Italian High Court overturns Amanda Knox conviction

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(CNN) – Italy’s Supreme Court has overturned the conviction of American Amanda Knox and her former boyfriend in the 2007 slaying of her British roommate, the court announced late Friday night.

Knox , 27, of Seattle, was convicted in 2009 for the killing of Meredith Kercher, who shared an apartment with her in the Italian university town of Perugia.

Her boyfriend at the time, Raffaele Sollecito, was found guilty, too.

Since then, their cases have been a series of back-and-forths.

Both were acquitted in 2011 on appeal, and Knox returned to the United States. Two years later, they were retried and their acquittals overturned. Knox was sentenced in absentia to 28½ years in prison. Her ex-boyfriend got 25 years.

Can the U.S. extradite her?

When the Supreme Court renders its verdict Friday, Knox will be in the United States — thousands of miles away

Italian police officers can’t just land on American soil and drag Knox back to prison in Italy.

But if she is found guilty, Italy could ask the United States to put Knox on a plane back so she can face what could be a 28-year prison sentence.

Under normal circumstances, the United States would be required to send Knox back because of a 1983 extradition treaty between Washington and Rome. The treaty establishes a framework for individuals charged or convicted of certain crimes in one country to be detained and sent back to the other.

The United States has extradition agreements with more than 100 countries.

But the high-profile nature of the case and the controversial evidence prosecutors have built their argument on makes Knox’s extradition anything but certain.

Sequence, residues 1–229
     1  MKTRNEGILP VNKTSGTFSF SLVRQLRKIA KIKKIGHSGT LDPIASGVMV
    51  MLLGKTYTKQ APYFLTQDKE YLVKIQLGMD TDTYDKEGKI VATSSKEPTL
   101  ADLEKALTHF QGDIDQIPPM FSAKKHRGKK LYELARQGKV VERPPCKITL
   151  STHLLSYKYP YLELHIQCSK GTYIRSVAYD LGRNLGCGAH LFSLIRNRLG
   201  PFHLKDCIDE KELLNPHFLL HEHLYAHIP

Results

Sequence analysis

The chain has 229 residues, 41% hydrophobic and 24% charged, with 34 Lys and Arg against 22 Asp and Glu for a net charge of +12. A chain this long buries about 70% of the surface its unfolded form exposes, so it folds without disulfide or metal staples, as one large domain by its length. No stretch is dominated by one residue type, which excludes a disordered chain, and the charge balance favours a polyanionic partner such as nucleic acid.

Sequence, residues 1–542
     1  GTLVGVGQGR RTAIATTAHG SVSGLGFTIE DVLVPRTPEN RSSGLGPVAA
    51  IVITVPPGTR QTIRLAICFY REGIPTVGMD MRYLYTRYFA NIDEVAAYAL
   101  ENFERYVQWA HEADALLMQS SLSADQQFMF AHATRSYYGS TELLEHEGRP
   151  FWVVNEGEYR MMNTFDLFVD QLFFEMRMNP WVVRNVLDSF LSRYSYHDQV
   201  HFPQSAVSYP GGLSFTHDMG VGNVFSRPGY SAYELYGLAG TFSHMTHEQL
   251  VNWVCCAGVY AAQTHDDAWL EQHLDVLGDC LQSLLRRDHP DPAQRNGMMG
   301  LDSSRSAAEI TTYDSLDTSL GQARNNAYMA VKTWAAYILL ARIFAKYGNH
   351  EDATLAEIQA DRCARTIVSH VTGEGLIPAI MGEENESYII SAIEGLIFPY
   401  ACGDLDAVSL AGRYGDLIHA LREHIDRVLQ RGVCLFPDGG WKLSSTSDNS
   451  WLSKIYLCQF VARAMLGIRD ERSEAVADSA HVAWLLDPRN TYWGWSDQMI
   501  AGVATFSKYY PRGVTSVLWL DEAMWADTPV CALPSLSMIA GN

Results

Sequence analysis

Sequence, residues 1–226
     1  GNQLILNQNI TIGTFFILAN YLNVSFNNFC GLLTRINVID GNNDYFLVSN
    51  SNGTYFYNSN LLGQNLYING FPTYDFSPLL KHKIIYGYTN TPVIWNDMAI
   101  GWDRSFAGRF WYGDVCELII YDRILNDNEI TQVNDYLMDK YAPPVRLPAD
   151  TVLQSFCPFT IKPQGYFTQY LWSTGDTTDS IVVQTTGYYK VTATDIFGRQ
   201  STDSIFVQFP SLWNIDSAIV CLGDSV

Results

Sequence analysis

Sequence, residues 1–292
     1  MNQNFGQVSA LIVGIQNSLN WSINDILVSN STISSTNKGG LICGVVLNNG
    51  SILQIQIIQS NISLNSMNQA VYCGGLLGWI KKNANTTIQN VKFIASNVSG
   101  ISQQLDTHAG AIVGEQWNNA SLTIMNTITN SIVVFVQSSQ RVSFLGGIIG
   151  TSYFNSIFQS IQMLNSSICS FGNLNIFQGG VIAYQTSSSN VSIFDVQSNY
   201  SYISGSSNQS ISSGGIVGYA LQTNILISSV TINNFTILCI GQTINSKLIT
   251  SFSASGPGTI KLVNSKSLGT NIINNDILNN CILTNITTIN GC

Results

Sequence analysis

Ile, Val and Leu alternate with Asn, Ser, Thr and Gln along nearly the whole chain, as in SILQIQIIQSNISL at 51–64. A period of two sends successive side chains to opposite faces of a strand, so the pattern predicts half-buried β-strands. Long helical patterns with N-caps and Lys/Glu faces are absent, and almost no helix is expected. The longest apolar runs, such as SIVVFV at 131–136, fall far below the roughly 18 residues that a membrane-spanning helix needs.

Test for American, Italian officials

That said, Italian officials may still ask their American counterparts for Knox’s extradition.

It wouldn’t be the first time the extradition treaty between the United States and Italy has broken down, but past cases involved U.S. military and intelligence officials.

Knox’s case would be a new test for American diplomatic and justice officials.

And while some legal experts contend Knox could very well be extradited, others say U.S. officials could refuse to hand over Knox by leaning on a double-jeopardy clause included in the extradition treaty between the two countries.

“Extradition shall not be granted when the person sought has been convicted, acquitted or pardoned, or has served the sentence imposed, by the requested party for the same acts for which extradition is requested,” the treaty states.

And Knox was, according to M. Cherif Bassiouni, a former U.N. lawyer and international extradition law expert.

American and Italian officials may interpret the treaty’s double-jeopardy clause differently based on their own judicial systems, but Bassiouni said no interpretation would pass muster.

“Whatever the interpretation of article VI may be … Amanda Knox would not be extraditable to Italy should Italy seek her extradition because she was retried for the same acts, the same facts, and the same conduct,” Bassiouni wrote in an Oxford University Press blog post. “Her case was reviewed three times with different outcomes even though she was not actually tried three times.”